Nova Centurion Squad Session October 08 2 HRS
Just like you to an outsider the set on the white board is cryptic. But you use the same language.
Just like you there are clear periods within the programme of intensity or drilling, slowing right down and using snorkels and fins.
Bill operates with an A1 sized portable white board held together with duck tape which he props up somewhere poolside that is convenient for 4-6 lanes to see.
Self-regulation is key with a squad of adult athletes.
The set is given to them in three parts, sometimes four: Warm Up, Main Set (sometimes in 2 parts) and Swim Down.
Whilst Warm Ups are self-regulated, the coach will pick up on anyone who isn’t swimming as required – i.e. even pace when required to go for a low stroke count and a smooth swim. The main set is also self-regulated with Bill keeping an eye on everyone with two stop watches running on splits & stroke counts while he pays attention to ONE swimmer for the entire session.
This was a tolerance set, so not full on, as they are SEVEN weeks into this cycle.
Some will still not be anaerobically fit enough for something heavier.
The are given plenty of recovery time.
The trainee coaches … were advised that returning in TWO WEEKS time we would see that they will have adapted and the programme will be far, far more tough.
Observing a swimmer during the warm up achieving a stroke count between bursts of 21.8, or around 16 per 25m and impressed by his silent, smooth, controlled, fluid, easy, gentle, crafty & probing style I picked this lane to work with.
This lane was made up of three swimmers: Andy Mayor (200m Fly, Scottish International, Ex. Newcastle City), Sam Hynde (Paralympian) & Rachel George.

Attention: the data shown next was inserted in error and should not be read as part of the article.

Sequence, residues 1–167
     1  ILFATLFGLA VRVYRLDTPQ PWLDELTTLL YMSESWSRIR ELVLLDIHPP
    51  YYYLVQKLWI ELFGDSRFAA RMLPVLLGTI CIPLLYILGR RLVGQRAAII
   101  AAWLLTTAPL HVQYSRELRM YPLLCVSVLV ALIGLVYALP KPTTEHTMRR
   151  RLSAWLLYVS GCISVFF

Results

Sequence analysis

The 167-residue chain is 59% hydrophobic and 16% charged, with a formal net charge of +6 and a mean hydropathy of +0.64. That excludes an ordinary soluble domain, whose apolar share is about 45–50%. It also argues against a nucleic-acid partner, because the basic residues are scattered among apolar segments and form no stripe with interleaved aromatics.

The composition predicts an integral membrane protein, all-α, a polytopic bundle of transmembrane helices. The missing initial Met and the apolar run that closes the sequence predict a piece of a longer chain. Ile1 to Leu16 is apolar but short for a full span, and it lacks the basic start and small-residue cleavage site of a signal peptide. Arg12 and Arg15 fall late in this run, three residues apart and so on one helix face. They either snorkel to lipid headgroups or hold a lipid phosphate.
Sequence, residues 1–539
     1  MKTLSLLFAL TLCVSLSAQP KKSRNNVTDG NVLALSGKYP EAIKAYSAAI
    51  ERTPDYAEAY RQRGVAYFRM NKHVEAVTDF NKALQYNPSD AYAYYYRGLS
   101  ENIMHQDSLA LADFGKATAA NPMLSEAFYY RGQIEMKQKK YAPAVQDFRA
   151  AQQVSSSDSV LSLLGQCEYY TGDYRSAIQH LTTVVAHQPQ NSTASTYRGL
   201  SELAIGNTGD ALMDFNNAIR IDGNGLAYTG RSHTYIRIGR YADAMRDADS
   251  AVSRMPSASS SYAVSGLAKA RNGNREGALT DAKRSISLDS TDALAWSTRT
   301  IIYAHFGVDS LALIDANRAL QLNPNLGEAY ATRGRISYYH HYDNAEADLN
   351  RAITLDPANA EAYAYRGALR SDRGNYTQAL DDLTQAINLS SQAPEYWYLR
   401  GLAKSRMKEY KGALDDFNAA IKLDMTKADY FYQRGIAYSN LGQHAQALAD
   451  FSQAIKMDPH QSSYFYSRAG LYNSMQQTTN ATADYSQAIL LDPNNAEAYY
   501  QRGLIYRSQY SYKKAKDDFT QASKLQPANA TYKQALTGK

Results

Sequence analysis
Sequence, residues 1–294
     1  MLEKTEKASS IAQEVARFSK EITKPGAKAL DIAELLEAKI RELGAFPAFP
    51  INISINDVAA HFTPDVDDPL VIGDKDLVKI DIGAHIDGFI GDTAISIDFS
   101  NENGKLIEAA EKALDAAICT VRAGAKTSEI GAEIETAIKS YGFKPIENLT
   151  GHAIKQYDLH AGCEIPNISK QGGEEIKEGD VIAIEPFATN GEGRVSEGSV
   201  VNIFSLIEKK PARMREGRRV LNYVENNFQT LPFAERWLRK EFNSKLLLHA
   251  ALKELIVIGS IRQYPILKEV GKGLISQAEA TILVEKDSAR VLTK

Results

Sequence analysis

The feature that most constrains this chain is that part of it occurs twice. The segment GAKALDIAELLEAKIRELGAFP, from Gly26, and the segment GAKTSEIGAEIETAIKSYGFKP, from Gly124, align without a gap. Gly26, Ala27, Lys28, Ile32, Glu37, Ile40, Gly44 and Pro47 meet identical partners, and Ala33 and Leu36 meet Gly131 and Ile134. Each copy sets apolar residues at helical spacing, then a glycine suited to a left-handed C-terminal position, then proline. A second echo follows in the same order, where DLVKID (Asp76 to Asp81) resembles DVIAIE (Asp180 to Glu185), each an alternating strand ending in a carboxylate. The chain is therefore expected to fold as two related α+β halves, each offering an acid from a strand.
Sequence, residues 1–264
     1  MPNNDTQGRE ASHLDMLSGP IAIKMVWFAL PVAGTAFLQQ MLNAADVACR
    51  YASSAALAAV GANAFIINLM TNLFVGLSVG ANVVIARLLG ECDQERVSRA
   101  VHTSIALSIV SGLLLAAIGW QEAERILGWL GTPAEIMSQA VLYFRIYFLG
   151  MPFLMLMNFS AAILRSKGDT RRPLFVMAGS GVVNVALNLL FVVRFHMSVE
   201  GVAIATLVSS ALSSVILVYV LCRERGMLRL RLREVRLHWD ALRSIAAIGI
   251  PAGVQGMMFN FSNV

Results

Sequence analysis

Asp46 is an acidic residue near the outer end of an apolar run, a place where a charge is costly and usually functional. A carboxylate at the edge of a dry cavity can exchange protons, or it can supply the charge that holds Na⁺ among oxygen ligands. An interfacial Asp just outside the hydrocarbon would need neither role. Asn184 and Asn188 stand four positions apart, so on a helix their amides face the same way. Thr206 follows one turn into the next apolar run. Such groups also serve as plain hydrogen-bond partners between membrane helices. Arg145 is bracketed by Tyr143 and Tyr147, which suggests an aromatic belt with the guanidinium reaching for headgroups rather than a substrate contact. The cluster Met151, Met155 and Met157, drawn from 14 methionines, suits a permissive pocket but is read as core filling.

The parting note to his trainee coaches from Bill Furniss was ‘Application of Knowledge is crucial.’
with 1 x 10m BURST each 100m
400 (4 x 25 IM Fins) Speed Rotate 25s
300 kick 25 Max 75 Easy
200 Fly – FR (25s) Acc 5 in FLY, May 5 out Turns FR
200 Loosen Choice
Having briefed the swimmers Bill Furniss then briefed his trainee coaches thus:
The things you will say in order to help your swimmers meet the objectives that have been set might be:
Try to reduce kick on 1st 50m
Try to increase kick on the 2nd 50m
Increase stroke rate on the last 25m/15m
Achieve your negative split
‘Don’t swim to destruction.’
i.e. swimmers have to control & trust their pace, turning the pace up or down as required so that they know exactly what they are doing and what they can achieve.
5 x 100 @ 1:40 FPP FR
2 x 150 ICS REC 2 3 MINS
4 x 100 FPP No. 1
2 x 150 All FR
3 x 100
2 x 150
2 x 100
2 x 150
1 x 100
2 x 150
All 100s are NEG SPLIT with +ve stroke rate for last 50/25m required.
Swimmers were told how to swim it and are advised that they will be picked up if they don’t achieve the negative split. This was our job.
Is anyone interested in the Stroke Rates achieved by these THREE swimmers???
On the first set of 5 x 100 this is what we got:
Andy Mayor’s stroke count drifted from 36.2, to 34 to 40.
Whilst increasingly his stroke rate Coach felt he could do more with his kick in the last 25m/15m. Coach later felt that Andy was still settling into his new club but would need to ‘tune in.’
Rachel did as required with a stroke rate picking up from 35, to 37 to 43 over the 100m with the kick coming in for the last 15m. Used to Bill she has done this kind of set many times before.
Sam is Paralympic medalist. He wasn’t please with himself, or me, to be advised that his stroke rate went from 54 to 42 to 52 … i.e He swims at S6 and has next to no kick, I’d liken it to swimming with a pull-bouy and a single foot in a fin.
On the second set of 4 x 100 we got this: